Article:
Generally, I’d say that if you’ve tried multiple strategies for moderating and failed, or you’re succeeding but more obsessed with thoughts of drinking than ever, you should just quit. Seriously, just pull the band-aid off and quit. You have much more fun things to do with your time than make yourself miserable trying to control your use of a substance you’re fucking addicted to. I can tell you with absolute sincerity that sobriety is 1.4 GAZILLION times easier for me than moderating ever was.

Also, I’m thinking about how popular the term ‘gray area drinker’ has become. I think it’s very useful in establishing alcohol abuse as a spectrum, vs the old binary of “face-down in a gutter” vs “everything is just fine!!!!!” That said: if you think of yourself as being in the gray area of a spectrum that *kills a fuckload of people*, do you really want to stay anywhere near the gray? I personally don’t even want to see you in the Dove Gray or Highland Mist part of that spectrum. I think you should come hang out with us down in Bancroft White or Cloud White or Ether.* Seriously. Don’t linger in what you have already identified as a perilous zone because addiction is generally a progressive disease and the odds of you being the special-flower exception are not great.

*all real paint colors because I am a professional and professionals do their research.

Q. Do you consider yourself an alcoholic?

Yeah, pretty much, whatever that word even means. I was very uncomfortable with it at first, because it was not exactly my girlhood dream to grow up to be an alcoholic and because I resist labels in general. I started using it because it’s such useful, unambiguous shorthand. (People might continue to push booze on you if you just say you don’t drink, but bring out the a-word and they tend to back off.) Occasionally a reader will get mad because they don’t think I was enough of an alcoholic to even quit drinking, let alone write about it, which is…well, that’s FRAUGHT, isn’t it? Like “Dear reader, thank you for your feedback and I apologize for not drinking myself into total liver failure.”

Basically, I think alcoholism is in the eye of the beholder. I know women who drank two glasses of wine at day at their WORST who now consider themselves recovering alcoholics. I know people who drank waaaaay more than that who don’t want any label. You get to decide what if anything to call yourself. The BIG thing for me is that you shouldn’t have to identify as an alcoholic, gray area drinker, problem drinker, etc. to decide you don’t want to drink anymore. You’re allowed to just up and quit, temporarily or permanently, for any reason you like, and you don’t owe anyone an explanation.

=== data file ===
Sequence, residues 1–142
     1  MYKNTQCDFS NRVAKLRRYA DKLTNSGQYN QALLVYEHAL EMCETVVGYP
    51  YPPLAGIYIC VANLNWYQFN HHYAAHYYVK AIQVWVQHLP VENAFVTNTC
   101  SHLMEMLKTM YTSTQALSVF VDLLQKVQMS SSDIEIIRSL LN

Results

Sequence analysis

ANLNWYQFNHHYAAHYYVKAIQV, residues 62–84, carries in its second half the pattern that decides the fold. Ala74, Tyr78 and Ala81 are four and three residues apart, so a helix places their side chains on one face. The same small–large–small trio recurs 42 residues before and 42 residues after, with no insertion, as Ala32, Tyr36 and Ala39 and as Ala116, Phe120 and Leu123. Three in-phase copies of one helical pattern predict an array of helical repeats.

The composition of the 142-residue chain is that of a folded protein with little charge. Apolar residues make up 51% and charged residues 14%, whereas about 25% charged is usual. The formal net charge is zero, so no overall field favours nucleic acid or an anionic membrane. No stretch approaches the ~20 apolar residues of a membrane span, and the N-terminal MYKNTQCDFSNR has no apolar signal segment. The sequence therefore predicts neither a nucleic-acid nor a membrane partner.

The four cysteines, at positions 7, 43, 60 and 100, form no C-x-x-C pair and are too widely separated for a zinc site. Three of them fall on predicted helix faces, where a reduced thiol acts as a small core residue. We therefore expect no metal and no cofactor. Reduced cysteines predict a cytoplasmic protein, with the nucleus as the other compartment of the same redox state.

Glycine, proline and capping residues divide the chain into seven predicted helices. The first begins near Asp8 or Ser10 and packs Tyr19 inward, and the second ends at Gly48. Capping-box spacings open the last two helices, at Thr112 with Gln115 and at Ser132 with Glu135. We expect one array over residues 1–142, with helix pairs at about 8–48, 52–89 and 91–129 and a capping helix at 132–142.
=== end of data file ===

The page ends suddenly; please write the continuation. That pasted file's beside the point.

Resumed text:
Q. I need a new band–help me out! 

As a person with six years of sobriety, I CAN HELP with this!!! Here, more or less off the top of my head, are six bands/acts (one for each year!) I think should be much better known, along with a Spotify sampler of entry tracks for each. Enjoy!

  1. 1) The multi-racial Atlanta trio Algiers, who I would describe as…let’s see…apocalyptic industrial gospel-punk? Lyrically they can be a bit didactic for my taste–we are talking about a band with song titles like “Irony. Utility. Pretext.”–but the overall impact is still pretty astounding. DO NOT MISS THEM LIVE, and bring someone you really really like with you because the show is sexy AF.
  2. 2) Fellow Seattleites Hey Marseilles. If the Decemberists could just relax and stop trying to impress everyone with their smarts and homework and stuff, they’d sound like Hey Marseilles. They make my heart hurt in a good way and I love how Seattle-specific their songs are and how well they use horns and strings. If you are trying to trick someone into falling in love with you, you could do worse than to put a HM song on a mixtape for them.
    3) Joan as Police Woman. This is the stage name of Joan Wasser, who writes and performs in the part of the Venn diagram where Amy Winehouse and Cat Power and maybe Lana Del Rey overlap. I don’t really know how else to describe her except, you know, “very good.” Bonus: to the best of my knowledge, she’s a sober chick.Â